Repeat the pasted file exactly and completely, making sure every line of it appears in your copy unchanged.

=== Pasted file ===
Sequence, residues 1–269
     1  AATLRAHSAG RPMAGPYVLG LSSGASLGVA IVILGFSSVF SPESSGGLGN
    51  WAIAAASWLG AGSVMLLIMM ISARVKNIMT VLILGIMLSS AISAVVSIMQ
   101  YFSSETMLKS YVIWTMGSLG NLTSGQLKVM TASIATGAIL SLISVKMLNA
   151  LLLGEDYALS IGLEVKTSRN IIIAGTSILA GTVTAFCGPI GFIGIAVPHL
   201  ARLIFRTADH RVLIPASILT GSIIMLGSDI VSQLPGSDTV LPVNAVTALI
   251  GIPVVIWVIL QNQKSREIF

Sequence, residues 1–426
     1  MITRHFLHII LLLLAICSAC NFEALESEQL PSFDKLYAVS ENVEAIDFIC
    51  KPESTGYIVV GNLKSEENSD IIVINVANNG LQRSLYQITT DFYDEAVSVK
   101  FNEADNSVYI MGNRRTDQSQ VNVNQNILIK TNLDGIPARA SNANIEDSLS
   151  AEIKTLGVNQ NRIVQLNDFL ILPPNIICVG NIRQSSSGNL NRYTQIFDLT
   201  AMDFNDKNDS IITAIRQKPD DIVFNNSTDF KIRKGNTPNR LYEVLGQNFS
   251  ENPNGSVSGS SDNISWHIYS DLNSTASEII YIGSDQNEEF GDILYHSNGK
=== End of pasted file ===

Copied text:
Sequence, residues 1–269
     1  AATLRAHSAG RPMAGPYVLG LSSGASLGVA IVILGFSSVF SPESSGGLGN
    51  WAIAAASWLG AGSVMLLIMM ISARVKNIMT VLILGIMLSS AISAVVSIMQ
   101  YFSSETMLKS YVIWTMGSLG NLTSGQLKVM TASIATGAIL SLISVKMLNA
   151  LLLGEDYALS IGLEVKTSRN IIIAGTSILA GTVTAFCGPI GFIGIAVPHL
   201  ARLIFRTADH RVLIPASILT GSIIMLGSDI VSQLPGSDTV LPVNAVTALI
   251  GIPVVIWVIL QNQKSREIF

Sequence, residues 1–426
     1  MITRHFLHII LLLLAICSAC NFEALESEQL PSFDKLYAVS ENVEAIDFIC
    51  KPESTGYIVV GNLKSEENSD IIVINVANNG LQRSLYQITT DFYDEAVSVK
   101  FNEADNSVYI MGNRRTDQSQ VNVNQNILIK TNLDGIPARA SNANIEDSLS
   151  AEIKTLGVNQ NRIVQLNDFL ILPPNIICVG NIRQSSSGNL NRYTQIFDLT
   201  AMDFNDKNDS IITAIRQKPD DIVFNNSTDF KIRKGNTPNR LYEVLGQNFS
   251  ENPNGSVSGS SDNISWHIYS DLNSTASEII YIGSDQNEEF GDILYHSNGK